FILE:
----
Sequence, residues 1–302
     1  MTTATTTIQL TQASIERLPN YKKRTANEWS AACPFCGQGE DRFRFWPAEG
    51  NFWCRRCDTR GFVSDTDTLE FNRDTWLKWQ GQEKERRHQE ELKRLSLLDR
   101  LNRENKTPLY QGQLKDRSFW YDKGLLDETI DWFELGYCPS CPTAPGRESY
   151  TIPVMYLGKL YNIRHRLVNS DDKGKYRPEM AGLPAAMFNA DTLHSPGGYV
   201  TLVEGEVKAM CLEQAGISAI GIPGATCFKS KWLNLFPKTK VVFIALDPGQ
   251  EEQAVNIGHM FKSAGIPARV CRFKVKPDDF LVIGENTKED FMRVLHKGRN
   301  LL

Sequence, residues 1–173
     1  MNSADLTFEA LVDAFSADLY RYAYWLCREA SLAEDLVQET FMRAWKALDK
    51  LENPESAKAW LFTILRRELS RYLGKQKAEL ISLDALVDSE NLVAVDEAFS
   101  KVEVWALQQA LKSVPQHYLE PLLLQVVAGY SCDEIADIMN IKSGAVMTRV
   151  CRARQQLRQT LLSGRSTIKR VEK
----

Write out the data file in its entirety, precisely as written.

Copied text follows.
Sequence, residues 1–302
     1  MTTATTTIQL TQASIERLPN YKKRTANEWS AACPFCGQGE DRFRFWPAEG
    51  NFWCRRCDTR GFVSDTDTLE FNRDTWLKWQ GQEKERRHQE ELKRLSLLDR
   101  LNRENKTPLY QGQLKDRSFW YDKGLLDETI DWFELGYCPS CPTAPGRESY
   151  TIPVMYLGKL YNIRHRLVNS DDKGKYRPEM AGLPAAMFNA DTLHSPGGYV
   201  TLVEGEVKAM CLEQAGISAI GIPGATCFKS KWLNLFPKTK VVFIALDPGQ
   251  EEQAVNIGHM FKSAGIPARV CRFKVKPDDF LVIGENTKED FMRVLHKGRN
   301  LL

Sequence, residues 1–173
     1  MNSADLTFEA LVDAFSADLY RYAYWLCREA SLAEDLVQET FMRAWKALDK
    51  LENPESAKAW LFTILRRELS RYLGKQKAEL ISLDALVDSE NLVAVDEAFS
   101  KVEVWALQQA LKSVPQHYLE PLLLQVVAGY SCDEIADIMN IKSGAVMTRV
   151  CRARQQLRQT LLSGRSTIKR VEK